Judy Eddingfield’s first day as a Winstead’s carhop could have easily been her last.
It was April 6, 1965, and Eddingfield was just a month shy of her 16th birthday. She had the customer roll the window halfway down and carefully loaded a tray of food, just as her mother, a 13-year veteran of Winstead’s, had trained her.
Just one problem. Her mother forgot to tell her that with certain car styles, maybe only 5 percent, the window had to be rolled completely down or the tray would tilt too much.
“The tray tipped over and a vanilla malt slid down a lady’s fur coat. I was so embarrassed,” Eddingfield said. “Of course, she hollered.”
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Winstead’s had the coat cleaned and all was forgiven. Eddingfield stayed on — for five decades and beyond.
On Wednesday she celebrated 50 years at Winstead’s by handing out slices of anniversary cake while taking orders and refilling coffee cups and getting hugs — lots and lots of hugs.
Eddingfield has watched the original Winstead’s replace its carhops with a drive-through and an order of a hamburger, french fries and drink go from 65 cents in 1965 to the current $7 plus. At first it was a hangout for hippies, then golfers and now people of all walks of life, as well as the great-grandchildren of some of her first customers, she said.
When she joined, it really was a home away from home. Her mother trained her, and her sister, two brothers, two aunts and two cousins also were on the staff. She worked nights until she graduated from high school and then stayed on after getting a full-time job at First National Bank downtown. She thought she might make banking her career, but it was just too hard to leave those Winstead’s customers.
“I met my first husband right out here on the curb,” she said.
He didn’t say much, but he came to Eddingfield’s station so often she took notice. Eighteen months later they married.
Over the years she took maternity leave after the birth of her daughter in 1970 and her son in 1973. She was down for 10 days after a 1989 virus and came back for just three days before a gallstone attack had her down for six weeks.
A favorite Winstead’s memory was when Jerry Mathers and Tony Dow of the television series “Leave It to Beaver” stopped in while headlining a local play in the late 1970s. Mathers was “talking with his hands” and knocked over a tray of double onion rings and shakes his server was carrying to the table, sending the food flying.
“Leave it to Beaver,” his on-screen brother said, to the delight of the staff and diners.
Eddingfield also said the employees often play practical jokes on each other, such as the time they had a server call in pretending to be the police. She asked the manager to check on a possible bomb left in the front lobby. But the staff didn’t know someone really had called in a bomb threat a few days earlier.
Once Winstead’s had just locked up for the night when a man clutching a rifle started pounding on the door, demanding to be let in. Eddingfield quickly dialed 911 and then tossed the phone to her manager before running to hide in the bathroom. And on Sept. 11, 2001, she realized the staff would want to know the latest news, so she went to Wal-Mart and bought a little TV so they could watch for the rest of the day.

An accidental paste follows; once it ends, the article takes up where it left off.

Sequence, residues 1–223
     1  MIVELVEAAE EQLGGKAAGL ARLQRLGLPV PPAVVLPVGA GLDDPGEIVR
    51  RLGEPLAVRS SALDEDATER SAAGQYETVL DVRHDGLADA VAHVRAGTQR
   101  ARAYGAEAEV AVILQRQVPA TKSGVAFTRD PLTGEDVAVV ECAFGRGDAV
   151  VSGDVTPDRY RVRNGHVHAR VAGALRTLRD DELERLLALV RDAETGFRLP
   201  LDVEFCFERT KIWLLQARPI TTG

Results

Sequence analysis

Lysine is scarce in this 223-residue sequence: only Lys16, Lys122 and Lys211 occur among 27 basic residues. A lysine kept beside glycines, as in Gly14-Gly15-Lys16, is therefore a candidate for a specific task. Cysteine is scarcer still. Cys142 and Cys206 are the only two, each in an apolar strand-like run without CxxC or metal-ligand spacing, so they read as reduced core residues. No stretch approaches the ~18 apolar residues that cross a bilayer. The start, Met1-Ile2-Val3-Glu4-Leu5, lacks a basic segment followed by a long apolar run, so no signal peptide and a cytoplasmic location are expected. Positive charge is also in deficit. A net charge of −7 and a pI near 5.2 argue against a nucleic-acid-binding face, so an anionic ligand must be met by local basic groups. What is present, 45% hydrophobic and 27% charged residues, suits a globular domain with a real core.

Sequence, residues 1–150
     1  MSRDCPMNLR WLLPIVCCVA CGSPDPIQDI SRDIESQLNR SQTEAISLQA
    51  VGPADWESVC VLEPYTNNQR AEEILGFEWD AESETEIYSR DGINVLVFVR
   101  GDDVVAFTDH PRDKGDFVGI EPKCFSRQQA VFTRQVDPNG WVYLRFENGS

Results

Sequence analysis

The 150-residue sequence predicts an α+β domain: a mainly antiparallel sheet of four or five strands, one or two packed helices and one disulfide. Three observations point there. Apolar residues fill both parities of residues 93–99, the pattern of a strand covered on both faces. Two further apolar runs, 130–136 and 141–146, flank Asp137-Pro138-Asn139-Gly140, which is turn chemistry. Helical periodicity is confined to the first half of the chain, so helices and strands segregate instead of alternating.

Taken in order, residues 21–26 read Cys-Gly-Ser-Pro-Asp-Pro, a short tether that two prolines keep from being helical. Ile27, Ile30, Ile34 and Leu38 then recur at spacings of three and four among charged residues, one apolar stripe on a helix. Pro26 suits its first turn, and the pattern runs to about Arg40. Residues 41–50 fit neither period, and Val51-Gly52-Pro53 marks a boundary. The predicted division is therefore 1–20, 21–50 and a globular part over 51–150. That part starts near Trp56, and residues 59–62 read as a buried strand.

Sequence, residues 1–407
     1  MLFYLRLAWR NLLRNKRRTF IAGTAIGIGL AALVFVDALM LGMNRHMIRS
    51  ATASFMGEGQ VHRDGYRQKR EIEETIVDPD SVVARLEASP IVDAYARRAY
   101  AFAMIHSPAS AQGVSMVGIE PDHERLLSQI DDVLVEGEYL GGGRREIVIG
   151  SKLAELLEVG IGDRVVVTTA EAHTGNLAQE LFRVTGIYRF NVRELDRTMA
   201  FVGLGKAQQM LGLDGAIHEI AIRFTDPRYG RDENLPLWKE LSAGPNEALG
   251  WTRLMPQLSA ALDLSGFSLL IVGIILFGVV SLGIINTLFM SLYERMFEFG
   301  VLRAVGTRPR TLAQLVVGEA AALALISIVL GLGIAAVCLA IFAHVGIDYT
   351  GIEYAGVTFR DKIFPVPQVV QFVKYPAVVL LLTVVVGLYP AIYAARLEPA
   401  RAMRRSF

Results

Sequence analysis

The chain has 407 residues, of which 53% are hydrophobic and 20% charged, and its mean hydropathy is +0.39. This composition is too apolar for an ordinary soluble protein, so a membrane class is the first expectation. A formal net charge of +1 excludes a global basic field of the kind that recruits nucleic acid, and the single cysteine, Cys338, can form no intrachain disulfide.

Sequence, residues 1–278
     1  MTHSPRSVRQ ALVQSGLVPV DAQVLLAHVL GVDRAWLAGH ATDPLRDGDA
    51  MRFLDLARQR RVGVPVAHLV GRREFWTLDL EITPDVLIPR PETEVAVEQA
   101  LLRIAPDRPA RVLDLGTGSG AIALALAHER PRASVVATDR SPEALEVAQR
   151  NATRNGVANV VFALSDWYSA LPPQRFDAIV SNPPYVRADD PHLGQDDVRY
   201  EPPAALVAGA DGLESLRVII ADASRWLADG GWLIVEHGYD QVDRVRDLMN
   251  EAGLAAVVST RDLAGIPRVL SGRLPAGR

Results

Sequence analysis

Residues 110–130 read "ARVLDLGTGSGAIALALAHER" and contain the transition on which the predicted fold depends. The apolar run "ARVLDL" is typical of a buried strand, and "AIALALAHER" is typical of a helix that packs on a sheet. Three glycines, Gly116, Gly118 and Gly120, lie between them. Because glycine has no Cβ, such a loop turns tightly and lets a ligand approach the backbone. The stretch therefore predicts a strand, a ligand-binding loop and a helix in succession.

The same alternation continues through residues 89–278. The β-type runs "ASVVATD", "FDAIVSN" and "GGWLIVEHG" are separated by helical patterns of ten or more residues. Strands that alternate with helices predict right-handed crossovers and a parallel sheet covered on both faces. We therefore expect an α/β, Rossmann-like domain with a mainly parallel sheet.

Now servers such as Sue Allen are following her lead.
“She trained me to be her. Pleasant as she is, prompt. So that people will come here for you and continue to come,” said Allen, who has worked at Winstead’s for 13 years.
Whether she had customers coming in after a bad day and nothing would please them, a large group of folks unexpectedly filling up the restaurant after an event or “grouchy old ladies” wanting her to divide their checks even if she was shortchanged a bit, Eddingfield took it in stride.
“All you can do is the best you can,” she said. “But I couldn’t wait to be an old lady so I could be grouchy too. And I’m there. I hope I’m not grouchy, but you never know.”
Eddingfield’s biggest tip? $600 — split with another server — from a man who treated his staff of 48 during the holidays in 2014.
Longtime customer Liz Uhlmann first came with her parents, Henry and Marion Bloch, and now comes with several generations of Blochs.
“She remembers our birthdays and what we always order,” said Uhlmann, of Prairie Village.
The family would subtly maneuver to sit in “Miss Judy’s” section, trying not to hurt the feelings of other servers.
“Everyone wanted to sit in her section. It wasn’t just us,” said Liz’s husband, Paul Uhlmann. “She’s so cheery, so kind to everyone. It has made coming here a real joy.”
Longtime customer Tim Degnan said: “She makes us feel like we belong. This is more than a restaurant. It’s a community.”
A supersize anniversary card signed by staff and customers had such comments as “You are an all-star” and “It’s been a pleasure to work with one of the greats.”
Eddingfield, who turns 66 on May 13, has made some concessions to age. She doesn’t wait on six-top tables as much as before, sticking to the two-top and four-top tables.
“The six-tops are so far from the kitchen and I’m not as fast. I didn’t bring my rollerblades,” she said.
But she plans to keep going as long as she’s healthy.
“New employees are amazed. They think they won’t last 50 days, let alone 50 years,” she said. “But if you really like the job, you’ll return. If you don’t like it, you won’t work here too long. I really enjoy what I do.”
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Judy Eddingfield’s favorite meal at Winstead’s
As a 3-year-old, coming from her family’s home in Oak Grove, Judy Eddingfield’s first Winstead’s meals were a simple hamburger and strawberry ice cream soda. But after eating at Winstead’s nearly every day for 50 years, she has fine-tuned that order to a double cheeseburger on rye with grilled onions, pickle, mustard and ketchup — sometimes she’ll add tomato and mayonnaise — with a Diet Coke and an occasional hot dog.